Bonnie Milne’s path is, in some ways, typical. The Canadian keyboardist/pianist has pursued her musical ambitions since early childhood, finding her love for piano, and carried that passion into college and beyond. She’s a music educator now and, after that, the typical ends. The call to creativity manifests itself in her life in various ways and she’s composed her own material since childhood. Her opening singles for 2022, “New Beginnings” and “Uncertain”, are illustrative of her talents and seldom repeat themselves. Serving up two distinctive instrumental compositions built around her fleet-foot work on the keys is an auspicious move for this still relatively new year.

I love the partnering of piano and violin in “New Beginnings”. The violin could benefit from being a little higher in the mix, but even listeners objecting to Milne’s sonic priorities will still understand what she’s attempting to achieve with the pairing. The violin isn’t here to merely mimic the piano. Instead, Milne’s apparent aim is to create an ongoing dialogue between the two instruments. Her piano leads the “conversation”, but “New Beginnings” would be a much thinner listening experience without strings countering the piano.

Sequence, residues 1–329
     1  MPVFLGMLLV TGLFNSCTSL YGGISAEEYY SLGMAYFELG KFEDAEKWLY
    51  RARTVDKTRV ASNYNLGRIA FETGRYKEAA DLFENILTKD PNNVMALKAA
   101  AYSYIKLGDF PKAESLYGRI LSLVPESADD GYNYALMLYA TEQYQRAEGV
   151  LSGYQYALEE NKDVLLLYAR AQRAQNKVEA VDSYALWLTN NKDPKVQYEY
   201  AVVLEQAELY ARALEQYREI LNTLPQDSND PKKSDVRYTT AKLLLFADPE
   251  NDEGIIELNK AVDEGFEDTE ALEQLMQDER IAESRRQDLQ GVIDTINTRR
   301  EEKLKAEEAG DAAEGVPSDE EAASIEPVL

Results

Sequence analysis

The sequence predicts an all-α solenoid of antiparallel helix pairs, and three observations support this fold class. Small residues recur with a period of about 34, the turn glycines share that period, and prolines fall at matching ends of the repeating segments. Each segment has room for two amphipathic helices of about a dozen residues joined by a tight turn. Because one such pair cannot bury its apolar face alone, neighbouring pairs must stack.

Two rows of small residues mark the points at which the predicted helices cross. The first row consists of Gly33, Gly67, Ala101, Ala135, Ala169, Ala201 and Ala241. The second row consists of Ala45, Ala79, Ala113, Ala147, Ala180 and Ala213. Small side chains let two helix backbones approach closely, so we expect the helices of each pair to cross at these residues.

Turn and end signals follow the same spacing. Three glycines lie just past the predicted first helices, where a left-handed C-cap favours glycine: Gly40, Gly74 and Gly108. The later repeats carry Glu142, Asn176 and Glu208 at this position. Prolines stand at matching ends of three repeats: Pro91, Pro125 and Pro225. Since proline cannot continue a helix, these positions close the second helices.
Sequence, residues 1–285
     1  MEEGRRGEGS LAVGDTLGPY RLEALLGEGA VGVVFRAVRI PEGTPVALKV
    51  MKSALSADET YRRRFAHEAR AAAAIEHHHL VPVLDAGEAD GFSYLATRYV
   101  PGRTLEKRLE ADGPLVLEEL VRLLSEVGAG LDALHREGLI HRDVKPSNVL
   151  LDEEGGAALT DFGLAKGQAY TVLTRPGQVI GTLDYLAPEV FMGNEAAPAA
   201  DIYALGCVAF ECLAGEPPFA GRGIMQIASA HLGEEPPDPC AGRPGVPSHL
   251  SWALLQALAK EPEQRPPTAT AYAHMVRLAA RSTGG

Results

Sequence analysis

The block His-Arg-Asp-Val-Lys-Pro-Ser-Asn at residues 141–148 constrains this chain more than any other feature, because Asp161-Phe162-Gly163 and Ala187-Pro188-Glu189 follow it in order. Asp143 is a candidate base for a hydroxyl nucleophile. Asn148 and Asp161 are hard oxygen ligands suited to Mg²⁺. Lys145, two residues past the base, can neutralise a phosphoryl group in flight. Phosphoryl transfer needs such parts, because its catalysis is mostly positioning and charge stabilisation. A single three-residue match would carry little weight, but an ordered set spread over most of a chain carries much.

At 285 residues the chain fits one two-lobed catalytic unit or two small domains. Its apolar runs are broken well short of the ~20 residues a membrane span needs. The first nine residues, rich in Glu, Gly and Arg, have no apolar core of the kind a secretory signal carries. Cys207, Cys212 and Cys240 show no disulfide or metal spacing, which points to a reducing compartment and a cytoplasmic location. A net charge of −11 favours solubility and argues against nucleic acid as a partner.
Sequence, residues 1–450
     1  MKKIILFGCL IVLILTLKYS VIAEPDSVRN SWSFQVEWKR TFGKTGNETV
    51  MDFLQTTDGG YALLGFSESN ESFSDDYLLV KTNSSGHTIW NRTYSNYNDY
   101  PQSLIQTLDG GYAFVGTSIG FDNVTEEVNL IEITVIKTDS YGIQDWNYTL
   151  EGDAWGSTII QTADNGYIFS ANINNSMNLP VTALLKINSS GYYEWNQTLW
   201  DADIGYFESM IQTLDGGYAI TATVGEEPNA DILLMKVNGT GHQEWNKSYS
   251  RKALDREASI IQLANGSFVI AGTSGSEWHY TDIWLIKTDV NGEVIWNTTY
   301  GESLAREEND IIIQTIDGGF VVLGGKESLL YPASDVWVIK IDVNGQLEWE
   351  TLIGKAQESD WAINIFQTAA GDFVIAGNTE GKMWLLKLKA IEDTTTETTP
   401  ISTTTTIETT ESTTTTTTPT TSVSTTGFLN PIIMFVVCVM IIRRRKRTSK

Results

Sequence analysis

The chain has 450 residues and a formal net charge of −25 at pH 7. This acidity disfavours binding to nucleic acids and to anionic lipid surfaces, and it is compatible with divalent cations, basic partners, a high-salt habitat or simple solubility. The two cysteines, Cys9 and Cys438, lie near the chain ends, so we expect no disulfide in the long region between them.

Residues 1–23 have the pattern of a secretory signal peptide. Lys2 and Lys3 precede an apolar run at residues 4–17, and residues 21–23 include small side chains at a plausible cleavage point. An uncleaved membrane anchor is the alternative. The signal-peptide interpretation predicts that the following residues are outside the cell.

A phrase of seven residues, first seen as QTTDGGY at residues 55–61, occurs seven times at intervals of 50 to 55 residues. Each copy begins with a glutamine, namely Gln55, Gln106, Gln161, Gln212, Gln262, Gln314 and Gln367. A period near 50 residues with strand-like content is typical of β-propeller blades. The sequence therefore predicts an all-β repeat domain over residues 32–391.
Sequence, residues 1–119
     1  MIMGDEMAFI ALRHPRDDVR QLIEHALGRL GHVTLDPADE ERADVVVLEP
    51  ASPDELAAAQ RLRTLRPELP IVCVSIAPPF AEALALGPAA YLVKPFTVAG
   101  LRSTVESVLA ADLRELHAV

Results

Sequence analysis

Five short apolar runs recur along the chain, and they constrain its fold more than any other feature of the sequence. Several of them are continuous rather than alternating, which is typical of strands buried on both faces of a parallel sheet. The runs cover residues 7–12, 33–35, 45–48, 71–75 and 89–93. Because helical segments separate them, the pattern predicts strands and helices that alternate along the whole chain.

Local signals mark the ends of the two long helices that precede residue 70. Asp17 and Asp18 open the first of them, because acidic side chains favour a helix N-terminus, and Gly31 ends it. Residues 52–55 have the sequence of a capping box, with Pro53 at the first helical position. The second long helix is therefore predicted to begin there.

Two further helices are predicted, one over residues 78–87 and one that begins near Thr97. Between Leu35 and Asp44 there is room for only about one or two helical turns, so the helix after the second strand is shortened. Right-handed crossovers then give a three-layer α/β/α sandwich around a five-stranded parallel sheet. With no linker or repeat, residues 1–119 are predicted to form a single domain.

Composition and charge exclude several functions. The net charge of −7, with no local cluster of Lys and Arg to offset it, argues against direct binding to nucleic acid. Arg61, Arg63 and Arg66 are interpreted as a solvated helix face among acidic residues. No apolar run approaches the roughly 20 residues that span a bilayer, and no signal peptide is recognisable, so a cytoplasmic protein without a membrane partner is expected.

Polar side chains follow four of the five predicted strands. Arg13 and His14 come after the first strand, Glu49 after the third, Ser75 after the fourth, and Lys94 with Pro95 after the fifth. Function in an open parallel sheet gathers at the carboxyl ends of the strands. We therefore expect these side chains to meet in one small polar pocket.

The production does an excellent job bolstering the track’s sonic muscle. The strings taking over the composition’s low melody adds weight to the performance, but the ambient benefits derived from the recording further deepen its sound. There’s nothing about its sonic character pushing listeners away and the confidence of its playing is a further draw for the audience. She’s one of the best exclusively instrumental talents emerging in recent years and her audience appeal is a major reason why.

She’s careful never to go on too long. “New Beginnings” comes to a natural rather than forced ending and the way she resolves its melody proves to be one of the most satisfying aspects of this performance. The second single “Uncertain” shares the same sense of completeness. She filters her musical vision through a different sound than the first single, dispensing with the piano, but the synthesized touches powering “Uncertain” are every bit as considered.

She details the melody with a steady hand, always alert to possibilities for invention, and it results in an instrumental performance inviting multiple listens. Milne isn’t interested in music’s disposable effects and her writing shows this. These somewhat brief performances downplay her ambition, as well. Attempting to give a musical shape to a concept like uncertainty speaks to the confidence she has in compositional and playing abilities and, if nothing else shows she’s willing to set the bar high.

There is nothing typical about that. Many musicians, from the club rocker to the concert pianist, are content to coast on their talents, lazy and bored, prepared to give the audience what they want and nothing more. Bonnie Milne’s instrumentals reach higher. “New Beginnings” and “Uncertain” are musical works of art designed to produce emotional reactions from their listeners and help Milne, as well, express what is in her heart. Anything else after that is just gravy.

Sebastian Cole